Academic clinical fellowship (ACF) in paediatrics in East of England


What is an ACF in paediatrics?

An Academic Clinical Fellowship (ACF) is part of the clinical-academic training programme that gives a trainee dedicated research time in addition to a normal clinical training programme. Over three years (usually ST1-ST3, also known as ACF1-ACF3) you are given 25% (9 months) for research without clinical commitments. The NIHR gives full details about ACFs in general:

NIHR Academic Clinical Fellowships Academic Clinical Fellowships Background Information. Medical NIHR Academic Clinical Fellowships are specialty training posts that incorporate academic training.


What does it involve?

An ACF involves completing the normal level 1 training, whilst also taking 9 months for research. At the end of the 3 year ACF, you go back into the normal training programme as a ST4. An example ACF programme may be:

ACF1: 12 months general paedatrics & neonates

ACF2: 3 months general paediatrics + 9 months academic (research)

ACF3: 6 months tertiary neonates + 6 months speciality paediatrics

ST4-8: as per standard training programme


Whilst it is not an absolute requirement, most trainees doing an ACF will look to obtain funding to go out of programme to do a higher degree (PhD, or MD). This can happen at any stage (e.g. after ST2/3/4) and would involve taking time out of the training programme.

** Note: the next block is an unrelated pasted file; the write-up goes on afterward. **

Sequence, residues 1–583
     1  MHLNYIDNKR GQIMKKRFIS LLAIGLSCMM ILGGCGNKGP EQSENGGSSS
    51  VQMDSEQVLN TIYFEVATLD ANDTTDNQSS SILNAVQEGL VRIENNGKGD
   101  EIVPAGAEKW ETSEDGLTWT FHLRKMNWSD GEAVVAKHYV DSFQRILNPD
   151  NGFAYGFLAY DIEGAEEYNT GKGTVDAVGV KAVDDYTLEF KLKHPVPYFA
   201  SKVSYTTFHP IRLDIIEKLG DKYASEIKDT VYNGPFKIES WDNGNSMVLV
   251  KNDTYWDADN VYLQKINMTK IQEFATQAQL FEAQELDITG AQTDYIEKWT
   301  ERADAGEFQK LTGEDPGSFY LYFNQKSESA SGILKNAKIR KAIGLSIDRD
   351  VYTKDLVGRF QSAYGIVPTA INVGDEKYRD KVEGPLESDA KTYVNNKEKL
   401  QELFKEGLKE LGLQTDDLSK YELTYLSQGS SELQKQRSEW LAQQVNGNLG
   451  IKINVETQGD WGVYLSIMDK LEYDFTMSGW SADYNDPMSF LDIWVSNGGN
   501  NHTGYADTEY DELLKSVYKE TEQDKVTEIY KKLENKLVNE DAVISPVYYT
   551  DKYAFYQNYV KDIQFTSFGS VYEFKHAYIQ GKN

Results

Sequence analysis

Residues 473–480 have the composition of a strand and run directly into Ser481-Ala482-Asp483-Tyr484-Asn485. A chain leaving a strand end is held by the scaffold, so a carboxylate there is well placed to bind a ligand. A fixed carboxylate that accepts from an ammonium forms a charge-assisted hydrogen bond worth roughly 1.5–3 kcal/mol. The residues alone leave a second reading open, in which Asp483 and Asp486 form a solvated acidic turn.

What research can I do during an ACF in paediatrics?


Almost anything! There are no restrictions on what kind of research you do (e.g. clinical, basic science, epidemiological, bioinformatics). There is world-class research in every field in the East of England. Look on the University of Cambridge and University of East Anglia websites for details of research groups. All ACF trainees are allocated an academic supervisor who can help you to plan your research time.

Positives of an ACF in East of England:

Flexible, dedicated time for research

A step on the clinical-academic training pathway

World-class research in Cambridge and Norwich

£1000 study/conference budget (in addition to clinical study budget)

Challenges of doing an ACF:

Less time to complete clinical competencies and workplace-based assessments

Competitive application process

Increased workload to achieve both clinical and academic outputs

 Jake Mann

ACF2 in paediatrics, Cambridge.